How We Test Motorcycles

Testing the acceleration of motorcycles for precise and replicable results demands a combination of skill, experience, and a comprehensive understanding of basic physics in relation to both the motorcycle and the surrounding environmental conditions.

Numerous considerations come into play.

Initially, testers must acquaint themselves with the motorcycle, becoming familiar with its unique characteristics.   This includes understanding nuances such as clutch feel, power delivery, fueling, the seating position, among other factors.

Motostatz testers boast extensive experience in riding motorcycles across diverse terrains—be it on the road, track, or drag strip. While not professional drag racers, our confidence lies in the assurance that the performance figures derived from our tests closely approximate optimal real-world conditions.

Nonetheless, the array of influencing factors is extensive, and perfection is seldom achievable. Variables such as rider weight, and more notably, the size of the rider, play integral roles in shaping acceleration times. Larger riders, facing increased air resistance, navigate through the air differently than their smaller counterparts.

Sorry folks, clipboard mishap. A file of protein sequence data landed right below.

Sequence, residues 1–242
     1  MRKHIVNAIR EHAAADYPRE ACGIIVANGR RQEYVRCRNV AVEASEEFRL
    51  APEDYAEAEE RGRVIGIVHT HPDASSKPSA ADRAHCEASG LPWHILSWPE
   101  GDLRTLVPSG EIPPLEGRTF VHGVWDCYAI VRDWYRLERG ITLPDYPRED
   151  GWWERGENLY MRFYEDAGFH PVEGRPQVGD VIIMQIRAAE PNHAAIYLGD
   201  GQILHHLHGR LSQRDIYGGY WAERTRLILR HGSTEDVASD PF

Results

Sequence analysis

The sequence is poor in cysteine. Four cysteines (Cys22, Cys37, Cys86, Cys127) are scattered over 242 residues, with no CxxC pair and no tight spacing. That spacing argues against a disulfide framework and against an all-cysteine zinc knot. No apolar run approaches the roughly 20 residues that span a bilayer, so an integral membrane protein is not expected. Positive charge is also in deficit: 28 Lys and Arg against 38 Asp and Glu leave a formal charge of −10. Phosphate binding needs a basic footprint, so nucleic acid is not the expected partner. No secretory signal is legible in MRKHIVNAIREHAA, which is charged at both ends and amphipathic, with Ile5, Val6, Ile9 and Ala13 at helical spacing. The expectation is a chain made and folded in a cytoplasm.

Environmental conditions further tip the scales in the evaluation of any motorcycle we test. Ambient temperature, humidity, and atmospheric conditions, including air pressure variations at different altitudes, collectively mold the motorcycle’s aerodynamic efficiency and engine power output. Consequently, these factors unequivocally determine the numbers that are achieved once all is done and dusted.


For our test, we use Dragy—a GPS device renowned for its precision up to 1/100th of a second. Each motorcycle undergoes a rigorous flogging, involving a minimum of 20-30 acceleration runs. (where possible) We meticulously record the best times in 10 mph increments, leveraging this data for our final article.

While we acknowledge the inability to control every variable during testing, we strive to execute tests on days with favorable conditions—low humidity, and minimal wind (below 5 mph)—to optimize the reliability and relevance of our findings.

Some motorcycles we test are new and some are pre-owned and may come in varying conditions and also might not be stock. These factors can affect the final acceleration results either to the positive or negative.

Either way, we are confident that our acceleration tests can provide you with a reliable and accurate resource for motorcycle acceleration times.